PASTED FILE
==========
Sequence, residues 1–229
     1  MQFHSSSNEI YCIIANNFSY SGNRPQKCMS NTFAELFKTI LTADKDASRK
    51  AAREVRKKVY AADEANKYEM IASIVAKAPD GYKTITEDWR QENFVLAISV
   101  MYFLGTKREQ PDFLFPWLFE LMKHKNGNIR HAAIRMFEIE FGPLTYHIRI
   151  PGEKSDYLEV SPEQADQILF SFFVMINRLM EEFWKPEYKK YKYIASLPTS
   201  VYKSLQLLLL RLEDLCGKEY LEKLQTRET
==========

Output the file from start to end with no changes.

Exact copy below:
Sequence, residues 1–229
     1  MQFHSSSNEI YCIIANNFSY SGNRPQKCMS NTFAELFKTI LTADKDASRK
    51  AAREVRKKVY AADEANKYEM IASIVAKAPD GYKTITEDWR QENFVLAISV
   101  MYFLGTKREQ PDFLFPWLFE LMKHKNGNIR HAAIRMFEIE FGPLTYHIRI
   151  PGEKSDYLEV SPEQADQILF SFFVMINRLM EEFWKPEYKK YKYIASLPTS
   201  VYKSLQLLLL RLEDLCGKEY LEKLQTRET